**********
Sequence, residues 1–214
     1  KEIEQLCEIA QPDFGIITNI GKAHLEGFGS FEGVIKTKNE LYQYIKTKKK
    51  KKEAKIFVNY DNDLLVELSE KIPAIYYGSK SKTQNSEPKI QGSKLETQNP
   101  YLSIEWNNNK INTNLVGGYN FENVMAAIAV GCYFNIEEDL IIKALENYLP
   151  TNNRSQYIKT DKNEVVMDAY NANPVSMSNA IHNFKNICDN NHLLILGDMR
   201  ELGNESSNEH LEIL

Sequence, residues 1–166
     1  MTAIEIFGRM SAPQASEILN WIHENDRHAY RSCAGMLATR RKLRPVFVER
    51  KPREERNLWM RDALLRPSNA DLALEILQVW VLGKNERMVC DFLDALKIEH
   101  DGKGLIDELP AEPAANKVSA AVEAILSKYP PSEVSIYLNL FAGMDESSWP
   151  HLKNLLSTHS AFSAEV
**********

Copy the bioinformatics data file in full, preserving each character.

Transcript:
Sequence, residues 1–214
     1  KEIEQLCEIA QPDFGIITNI GKAHLEGFGS FEGVIKTKNE LYQYIKTKKK
    51  KKEAKIFVNY DNDLLVELSE KIPAIYYGSK SKTQNSEPKI QGSKLETQNP
   101  YLSIEWNNNK INTNLVGGYN FENVMAAIAV GCYFNIEEDL IIKALENYLP
   151  TNNRSQYIKT DKNEVVMDAY NANPVSMSNA IHNFKNICDN NHLLILGDMR
   201  ELGNESSNEH LEIL

Sequence, residues 1–166
     1  MTAIEIFGRM SAPQASEILN WIHENDRHAY RSCAGMLATR RKLRPVFVER
    51  KPREERNLWM RDALLRPSNA DLALEILQVW VLGKNERMVC DFLDALKIEH
   101  DGKGLIDELP AEPAANKVSA AVEAILSKYP PSEVSIYLNL FAGMDESSWP
   151  HLKNLLSTHS AFSAEV